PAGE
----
1. As Reihan Salam, Rich Lowry and others have pointed out, Romney’s comment about the “47 percent who are with him [Obama], who are dependent upon government, who believe that they are victims, who believe that government has a responsibility to care for them, who believe that they are entitled to health care, to food, to housing, to you-name-it” is an analytical mess. I think it should be read in light of the reports about the in-fighting over Romney’s convention speech. I don’t think Romney thinks that Obama’s political base are dependent victims or that not paying net income taxes make you dependent – or that it makes you an Obama voter. I think that Romney thought this was what his select audience wanted to hear. Same thing with his convention speech. For me, the most damning part of the speech story wasn’t the organizational chaos and division. It was that Romney basically wrote the speech himself. The Romney who said next to nothing really was the guy Romney wanted to be. What unites both the 47% comment and the Romney convention speech was a certain tone deafness. Jonah Goldberg wrote that Romney speaks conservatism as a second language. There is some of that, but Romney speaks most political talking styles as a second language. Where did he get the idea that nonideological voters’ main concern was that Romney didn’t like his immediate family enough? Romney has been in electoral politics for over eighteen years and he still sometimes comes off like he is an alien to the nuances of political language. The Politico story was clearly a set of leaks that was designed to push Romney into firing Stuart Stevens. Its effect on me was to make me wish Romney would fire Romney.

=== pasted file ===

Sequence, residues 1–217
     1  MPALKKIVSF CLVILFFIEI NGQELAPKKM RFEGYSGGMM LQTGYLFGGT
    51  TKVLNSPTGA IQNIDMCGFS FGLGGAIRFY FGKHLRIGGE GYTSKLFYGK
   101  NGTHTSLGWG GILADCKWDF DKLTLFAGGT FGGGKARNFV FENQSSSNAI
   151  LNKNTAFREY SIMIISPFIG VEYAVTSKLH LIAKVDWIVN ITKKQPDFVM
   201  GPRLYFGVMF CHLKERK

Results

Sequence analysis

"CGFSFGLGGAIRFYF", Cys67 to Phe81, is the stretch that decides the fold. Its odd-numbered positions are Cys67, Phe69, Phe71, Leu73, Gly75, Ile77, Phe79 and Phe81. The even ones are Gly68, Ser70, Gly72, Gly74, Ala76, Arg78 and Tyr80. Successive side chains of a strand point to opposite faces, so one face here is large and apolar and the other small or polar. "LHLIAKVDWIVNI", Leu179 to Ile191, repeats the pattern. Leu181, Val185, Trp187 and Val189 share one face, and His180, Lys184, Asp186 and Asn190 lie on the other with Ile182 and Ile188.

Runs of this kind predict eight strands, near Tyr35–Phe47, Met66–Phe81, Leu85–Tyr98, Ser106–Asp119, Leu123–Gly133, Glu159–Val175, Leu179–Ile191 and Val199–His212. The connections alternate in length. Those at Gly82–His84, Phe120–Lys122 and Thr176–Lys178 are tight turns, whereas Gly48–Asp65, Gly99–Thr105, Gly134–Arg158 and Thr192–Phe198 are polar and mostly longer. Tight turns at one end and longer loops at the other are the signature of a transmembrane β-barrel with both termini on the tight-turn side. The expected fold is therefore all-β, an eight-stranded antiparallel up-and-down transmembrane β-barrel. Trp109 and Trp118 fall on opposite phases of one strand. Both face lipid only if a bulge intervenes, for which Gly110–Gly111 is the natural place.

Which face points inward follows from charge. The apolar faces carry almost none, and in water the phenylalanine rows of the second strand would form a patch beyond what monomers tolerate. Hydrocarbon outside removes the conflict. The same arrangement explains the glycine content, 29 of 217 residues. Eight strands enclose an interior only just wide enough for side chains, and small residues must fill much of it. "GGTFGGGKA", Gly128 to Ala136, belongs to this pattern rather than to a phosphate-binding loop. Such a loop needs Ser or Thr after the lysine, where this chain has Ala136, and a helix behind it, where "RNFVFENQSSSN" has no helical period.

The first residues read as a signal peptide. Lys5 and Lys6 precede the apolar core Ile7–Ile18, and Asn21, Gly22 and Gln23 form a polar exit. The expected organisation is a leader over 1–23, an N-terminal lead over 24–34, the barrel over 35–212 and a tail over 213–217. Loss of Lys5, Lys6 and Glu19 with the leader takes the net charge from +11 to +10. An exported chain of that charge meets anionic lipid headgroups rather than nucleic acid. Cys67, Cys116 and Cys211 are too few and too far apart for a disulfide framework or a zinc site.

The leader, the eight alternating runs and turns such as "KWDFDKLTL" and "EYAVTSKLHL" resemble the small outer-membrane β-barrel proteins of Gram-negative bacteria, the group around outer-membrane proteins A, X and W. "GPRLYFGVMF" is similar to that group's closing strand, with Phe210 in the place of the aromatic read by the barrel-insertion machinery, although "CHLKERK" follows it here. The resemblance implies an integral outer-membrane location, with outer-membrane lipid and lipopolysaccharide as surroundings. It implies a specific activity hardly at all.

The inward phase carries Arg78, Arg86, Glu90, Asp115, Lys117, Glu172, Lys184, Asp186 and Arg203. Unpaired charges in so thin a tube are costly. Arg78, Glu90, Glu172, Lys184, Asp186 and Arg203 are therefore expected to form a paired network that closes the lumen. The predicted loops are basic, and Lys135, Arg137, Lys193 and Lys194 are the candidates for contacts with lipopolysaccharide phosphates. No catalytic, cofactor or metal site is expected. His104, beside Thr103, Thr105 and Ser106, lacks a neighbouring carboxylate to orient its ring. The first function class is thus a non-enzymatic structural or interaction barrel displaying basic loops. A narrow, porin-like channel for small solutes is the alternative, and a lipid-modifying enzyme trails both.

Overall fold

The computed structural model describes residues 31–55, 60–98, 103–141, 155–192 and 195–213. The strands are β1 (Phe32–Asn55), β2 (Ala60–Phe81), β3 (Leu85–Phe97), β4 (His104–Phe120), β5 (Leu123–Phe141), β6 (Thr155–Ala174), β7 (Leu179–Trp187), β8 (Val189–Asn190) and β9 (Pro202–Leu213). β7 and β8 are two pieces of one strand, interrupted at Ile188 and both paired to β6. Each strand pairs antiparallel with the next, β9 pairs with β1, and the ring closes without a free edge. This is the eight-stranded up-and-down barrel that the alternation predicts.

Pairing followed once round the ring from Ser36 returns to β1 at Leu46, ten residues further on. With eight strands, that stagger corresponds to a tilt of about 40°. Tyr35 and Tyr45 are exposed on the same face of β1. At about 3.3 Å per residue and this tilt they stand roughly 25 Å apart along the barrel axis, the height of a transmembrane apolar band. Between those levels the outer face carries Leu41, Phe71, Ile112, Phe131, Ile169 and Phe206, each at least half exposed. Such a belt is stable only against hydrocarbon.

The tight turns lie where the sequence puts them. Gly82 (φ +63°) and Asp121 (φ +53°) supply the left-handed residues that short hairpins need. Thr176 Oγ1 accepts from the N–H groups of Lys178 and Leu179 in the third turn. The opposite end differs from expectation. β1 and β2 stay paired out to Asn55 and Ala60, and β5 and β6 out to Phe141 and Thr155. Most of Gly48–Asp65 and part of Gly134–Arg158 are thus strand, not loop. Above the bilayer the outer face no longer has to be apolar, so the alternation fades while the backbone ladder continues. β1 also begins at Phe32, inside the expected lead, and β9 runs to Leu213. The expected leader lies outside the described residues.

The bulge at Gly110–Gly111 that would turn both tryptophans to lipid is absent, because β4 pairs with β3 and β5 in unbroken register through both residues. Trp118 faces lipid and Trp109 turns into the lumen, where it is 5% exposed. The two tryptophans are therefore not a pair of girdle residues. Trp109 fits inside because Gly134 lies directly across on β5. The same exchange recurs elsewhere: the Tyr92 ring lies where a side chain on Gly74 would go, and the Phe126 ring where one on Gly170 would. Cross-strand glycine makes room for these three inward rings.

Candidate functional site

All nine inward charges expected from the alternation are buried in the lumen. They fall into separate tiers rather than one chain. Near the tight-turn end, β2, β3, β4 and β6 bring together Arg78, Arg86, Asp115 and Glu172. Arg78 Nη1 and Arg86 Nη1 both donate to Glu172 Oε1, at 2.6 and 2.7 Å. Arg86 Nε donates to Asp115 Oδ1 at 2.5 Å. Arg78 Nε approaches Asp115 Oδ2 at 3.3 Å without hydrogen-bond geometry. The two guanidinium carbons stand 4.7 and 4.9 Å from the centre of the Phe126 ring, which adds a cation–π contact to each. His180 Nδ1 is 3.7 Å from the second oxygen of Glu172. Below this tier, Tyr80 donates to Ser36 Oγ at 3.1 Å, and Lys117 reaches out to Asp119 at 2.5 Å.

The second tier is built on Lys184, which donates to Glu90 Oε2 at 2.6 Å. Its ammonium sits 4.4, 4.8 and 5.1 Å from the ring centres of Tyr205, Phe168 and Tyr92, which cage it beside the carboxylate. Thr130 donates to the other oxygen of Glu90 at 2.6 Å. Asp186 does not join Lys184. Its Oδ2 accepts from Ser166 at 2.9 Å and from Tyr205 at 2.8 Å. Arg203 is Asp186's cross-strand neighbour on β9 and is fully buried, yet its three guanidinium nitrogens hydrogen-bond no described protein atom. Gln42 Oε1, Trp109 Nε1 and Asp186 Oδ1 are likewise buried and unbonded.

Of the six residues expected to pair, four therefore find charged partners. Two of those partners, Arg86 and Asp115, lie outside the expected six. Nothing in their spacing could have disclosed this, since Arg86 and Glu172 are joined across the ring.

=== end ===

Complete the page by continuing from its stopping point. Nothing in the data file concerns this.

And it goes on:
2. But the unemployment rate is high and stagnant. Gas prices are high. Foreign events (especially an Israeli attack on Iran) could turn events in Romney’s favor. Romney has raised lots of money and is good at the blocking and tackling of politics. Let’s remember that Kang won.
3. Let’s also remember that Romney was the best of the Republican candidates who chose to run. Perry might have been a real contender, but for some reason he seemed to think that running for president would be like his speeches on national issues where he called Social Security a Ponzi scheme. He didn’t prepare. Cain and Gingrich were just con artists trying to use the campaign to build multimedia enterprises. Bachmann was hoping to turn a decent showing into a future role as a factional leader. Santorum was a good and informed guy, but he couldn’t build a properly financed and organized campaign, and he melted every time the pressure was on. Santorum would be a puddle right about now.
4. Romney’s campaign is not persistently obtuse. When something isn’t working, they change course. They made multiple course corrections during the primary campaign. That is encouraging. On the other hand, Obama is politically far more formidable than any of Romney’s primary opponents.
5. Imagine how formidable Romney would be if he had some visible principles.
6. Let’s try to parse the following Romney quote:
I recognize that those people who are not paying income tax are going to say gosh, this provision that Mitt keeps talking about, lowering income taxes, that’s not going to be real attractive to them. And those that are dependent on government, and those that think government’s job is to redistribute, I’m not going to get them. I know there’s a divide in the country about that view.
The charitable explanation is that Romney is talking about two different, but partially overlapping groups. The first are those who pay no income taxes and would therefore not be interested in his income tax cut plan. The second are those who are dependent on government, like it that way, and are going to vote against Romney. It is possible to be part of the first group, but not the second. It is just so weird. What a great way to validate Obama’s criticism that Republicans are the party who offer a tax cut for every problem.